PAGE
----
As I already said, anxiety can be seen as the body’s way of trying to tell you that something is not quite right. Here are just a few stressors that can cause fatigue, irritability, depression and anxiety:

  • Living in a home infested with toxic mold
  • Drinking way too much coffee and experiencing a chronic caffeine-fuelled stress response
  • Not being happy at all with what you’re doing in life, or not having a sense of purpose
  • Checking your social media every 2.34 minutes, seeing people posting stupid stuff and getting upset
  • Or being in a toxic relationship
  • Or regretting things you’ve done in the past

Trying to fix your anxiety using various supplements and different dietary approaches and so on, meanwhile IGNORING the stressors that made you sick and anxious in the first place, is like trying to fill up a leaky bucket with a massive hole in it.

You got to plug that bucket so it’s not leaking all over the place!

As a general rule of thumb in life:

You tend to get better results by removing something harmful, rather than adding in more stuff to fix a problem.

Prolonged stress (high cortisol) shuts down your thyroid function which further compromises your health and ability to cope with stress… so you want to avoid that from happening.

So, let’s look at how to avoid stressors:

1. Get Rid of Stressful Things In Your Life

It is a good idea to look at your environment and see if something is making you miserable. The stuff that keeps you awake at night or nags you every waking hour of the day.

Or explained using the Pareto principle:

The 20% of stressors that produce 80% of suffering for you.

Mind you:

I’m not saying that it’s a good idea to remove EVERYTHING that’s even remotely uncomfortable, and go hide in a hole the rest of your life.

That is probably not a good idea if you want live a fulfilling life!

Taking on challenges in life that you find meaningful can be very rewarding and give your life meaning. You can see it as constructive stress which builds resilience!

This is not a problem in the right dose (*if you’re relatively healthy and not under tons of stress already).

What we want to do – if possible – is to remove the destructive and/or unnecessary sources of stress that drain your life-energy.

Doing A Stress Audit And Mapping Out Your Stressors

The first step is to identify what your biggest sources of stress are.

After having done that we can then examine whether it’s possible to:

1. Get rid of it completely.

…or if that is not possible due to current circumstances…

2. Develop a strategy to manage stressors.

This isn’t rocket science.

Simply take a moment to write down the issues, concerns or stressful things you’re facing right now. Just write down anything that comes to mind, doing it on a piece of paper seems to help for some reason.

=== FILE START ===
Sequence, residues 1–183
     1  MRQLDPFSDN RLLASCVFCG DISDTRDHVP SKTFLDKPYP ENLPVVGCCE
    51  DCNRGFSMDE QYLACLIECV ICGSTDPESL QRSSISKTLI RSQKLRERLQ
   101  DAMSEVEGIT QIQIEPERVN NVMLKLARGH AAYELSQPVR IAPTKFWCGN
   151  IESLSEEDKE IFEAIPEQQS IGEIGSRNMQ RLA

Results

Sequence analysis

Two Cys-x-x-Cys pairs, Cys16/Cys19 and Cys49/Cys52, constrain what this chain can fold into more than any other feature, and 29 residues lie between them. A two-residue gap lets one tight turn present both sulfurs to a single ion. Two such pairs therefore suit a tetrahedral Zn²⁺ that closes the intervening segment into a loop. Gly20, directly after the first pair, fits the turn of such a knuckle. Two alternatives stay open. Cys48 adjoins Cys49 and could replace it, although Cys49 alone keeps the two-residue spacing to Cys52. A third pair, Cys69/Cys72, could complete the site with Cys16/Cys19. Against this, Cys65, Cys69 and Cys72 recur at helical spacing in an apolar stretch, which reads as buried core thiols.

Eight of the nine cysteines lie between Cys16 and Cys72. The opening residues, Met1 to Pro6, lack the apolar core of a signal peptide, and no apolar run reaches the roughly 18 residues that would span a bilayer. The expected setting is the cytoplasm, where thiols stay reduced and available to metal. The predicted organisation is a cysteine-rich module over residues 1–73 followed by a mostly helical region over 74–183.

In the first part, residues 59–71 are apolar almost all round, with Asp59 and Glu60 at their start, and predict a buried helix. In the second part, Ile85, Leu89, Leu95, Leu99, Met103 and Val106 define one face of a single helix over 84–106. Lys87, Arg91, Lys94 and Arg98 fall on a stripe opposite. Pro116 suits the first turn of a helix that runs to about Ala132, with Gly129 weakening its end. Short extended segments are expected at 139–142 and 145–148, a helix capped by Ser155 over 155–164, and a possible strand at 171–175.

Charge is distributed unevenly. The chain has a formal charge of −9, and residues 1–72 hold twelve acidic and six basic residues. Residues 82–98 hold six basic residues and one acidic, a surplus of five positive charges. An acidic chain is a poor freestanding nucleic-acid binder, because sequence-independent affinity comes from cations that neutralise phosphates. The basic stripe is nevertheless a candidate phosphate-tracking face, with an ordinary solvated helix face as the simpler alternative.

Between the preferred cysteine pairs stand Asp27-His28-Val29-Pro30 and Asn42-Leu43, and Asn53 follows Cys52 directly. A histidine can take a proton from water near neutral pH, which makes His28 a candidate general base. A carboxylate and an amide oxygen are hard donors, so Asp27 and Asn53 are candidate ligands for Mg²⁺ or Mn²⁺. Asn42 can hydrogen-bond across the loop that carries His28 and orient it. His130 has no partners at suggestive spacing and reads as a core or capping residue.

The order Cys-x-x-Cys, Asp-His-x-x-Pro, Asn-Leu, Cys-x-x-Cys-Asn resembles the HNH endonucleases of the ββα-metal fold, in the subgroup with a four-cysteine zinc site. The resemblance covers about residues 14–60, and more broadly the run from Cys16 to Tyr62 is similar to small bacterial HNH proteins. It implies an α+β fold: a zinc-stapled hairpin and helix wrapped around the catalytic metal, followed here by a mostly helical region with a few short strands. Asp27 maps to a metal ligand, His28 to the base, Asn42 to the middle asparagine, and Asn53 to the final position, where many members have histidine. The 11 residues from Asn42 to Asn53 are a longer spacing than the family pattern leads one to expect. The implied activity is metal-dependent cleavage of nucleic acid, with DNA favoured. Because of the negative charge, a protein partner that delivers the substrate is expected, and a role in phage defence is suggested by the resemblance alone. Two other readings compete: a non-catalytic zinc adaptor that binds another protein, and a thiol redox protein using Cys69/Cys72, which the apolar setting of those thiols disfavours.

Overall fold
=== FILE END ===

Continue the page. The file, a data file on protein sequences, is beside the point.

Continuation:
Obviously stress will look a lot different for different people!

A 2 year old will stress out over typical “2 year old problems”, same with teenagers, new parents, newly retired, etc.

When you start jotting down things you’ll notice that some stressors happen to you, while others seem to come from within:

What are external stressors?

stressors

As you’re likely well aware of, crap happens.

External stressors are things that happen to you, here are a few examples:

  • Health issues. Getting sick and/or dealing with ongoing health problems can be EXTREMELY stressful.
  • Life changes. Death of a loved one, divorce, moving, changing jobs. All of these are major life changes that can cause significant amounts of stress.
  • Environmental stress. All inputs in your environment – sight, smell, hearing, feeling – affect you one way or another. Continuous loud noises e.g construction work, shouting, noise pollution in cities can add to the total stress burden. Seeing an offensive post on Facebook can be highly stressful!
  • Work. Well, you probably know what work can be like. Weird colleagues, deadlines, high workload, weird boss, problems that needs immediate fixing, and so on.
  • Social. Bad relationships and/or heated arguments with family and friends. Conflicts between other people in your household.
  • Money. Being in debt, rent, not having enough money to provide for yourself and your family.

What are internal stressors?

man thinking negative thoughts

This is the voice in your head that’s constantly nagging you. The negative thoughts and feelings that make you feel like crap.

Maybe you recognize some of these (I certainly do!):

  • Negative mental chatter. Fear of failing at something, or regretting past mistakes or failures and calling yourself a “failure”, or judging other people, or thinking you don’t live up to the expectations of society, family and friends. All of these can provoke some serious stress… sometimes it can be almost crippling.